Two years running our first planned field outing for the spring has coincided with one of Texas’s rare dips into below freezing weather. While fishing around in lakes is not the ideal pasttime for this kind of temperature, it is a decent way to get hold of some insects even in cold weather. One group of insects that’s a relatively common find are the aquatic immatures of dragonflies and damselflies. The dragonfly nymphs in particular are striking little creatures, with the earlier instars resembling squat little brown frogs. Like their adult incarnation, they’re also impressive predators, even tackling small fish.
Dragonflies lack a pupal stage, so the developing wings (wing pads or wing buds) can be seen in the late immature instars. I hadn’t caught a final instar dragonfly nymph before, so I was suitably excited to see one up close. The larger fellow above even obliged us by molting into a pretty blue darner during the middle of a lecture on dragonfly metamorphosis to a group of introductory entomology students.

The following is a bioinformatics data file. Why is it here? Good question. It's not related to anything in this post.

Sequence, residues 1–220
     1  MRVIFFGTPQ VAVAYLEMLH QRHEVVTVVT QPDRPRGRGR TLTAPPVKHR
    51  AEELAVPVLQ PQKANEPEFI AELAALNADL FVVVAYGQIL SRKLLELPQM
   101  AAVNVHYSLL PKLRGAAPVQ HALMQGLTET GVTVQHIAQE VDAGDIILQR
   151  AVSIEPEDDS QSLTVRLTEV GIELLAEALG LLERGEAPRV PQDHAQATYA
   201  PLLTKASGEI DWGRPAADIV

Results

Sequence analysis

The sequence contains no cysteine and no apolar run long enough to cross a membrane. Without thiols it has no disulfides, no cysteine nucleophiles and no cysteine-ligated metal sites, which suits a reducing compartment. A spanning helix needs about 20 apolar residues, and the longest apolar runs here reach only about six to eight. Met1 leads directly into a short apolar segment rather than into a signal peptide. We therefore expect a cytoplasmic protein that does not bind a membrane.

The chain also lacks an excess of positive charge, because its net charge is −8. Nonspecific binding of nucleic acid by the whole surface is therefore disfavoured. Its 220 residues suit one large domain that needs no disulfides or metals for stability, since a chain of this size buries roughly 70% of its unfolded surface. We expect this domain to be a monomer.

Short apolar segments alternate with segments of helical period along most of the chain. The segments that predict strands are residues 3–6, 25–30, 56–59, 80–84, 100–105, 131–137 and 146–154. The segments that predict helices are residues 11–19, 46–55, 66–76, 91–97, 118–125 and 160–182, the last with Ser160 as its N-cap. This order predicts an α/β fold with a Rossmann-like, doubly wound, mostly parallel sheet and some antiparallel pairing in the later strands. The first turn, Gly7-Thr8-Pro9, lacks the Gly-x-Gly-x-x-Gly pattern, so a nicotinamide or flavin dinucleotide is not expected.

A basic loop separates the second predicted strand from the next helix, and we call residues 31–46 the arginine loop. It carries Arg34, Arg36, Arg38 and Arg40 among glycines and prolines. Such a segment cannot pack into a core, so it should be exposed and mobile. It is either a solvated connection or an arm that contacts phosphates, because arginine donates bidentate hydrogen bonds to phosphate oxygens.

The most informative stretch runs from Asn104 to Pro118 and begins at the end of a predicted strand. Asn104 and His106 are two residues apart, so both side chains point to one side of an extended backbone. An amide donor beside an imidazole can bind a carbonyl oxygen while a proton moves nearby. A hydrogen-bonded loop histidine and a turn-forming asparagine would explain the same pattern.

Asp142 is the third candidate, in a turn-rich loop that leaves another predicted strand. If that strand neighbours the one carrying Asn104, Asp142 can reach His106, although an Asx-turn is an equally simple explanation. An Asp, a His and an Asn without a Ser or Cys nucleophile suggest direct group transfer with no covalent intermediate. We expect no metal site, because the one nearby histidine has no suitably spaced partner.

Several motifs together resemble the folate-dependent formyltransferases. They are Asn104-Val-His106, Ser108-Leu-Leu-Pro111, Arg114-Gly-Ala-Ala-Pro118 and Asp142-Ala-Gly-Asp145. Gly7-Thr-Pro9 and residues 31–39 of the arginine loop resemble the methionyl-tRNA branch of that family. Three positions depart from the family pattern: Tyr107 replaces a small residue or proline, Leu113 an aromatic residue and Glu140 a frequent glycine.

*edit* Thanks to Jim Johnson for family corrections and additional information about nymphal characters.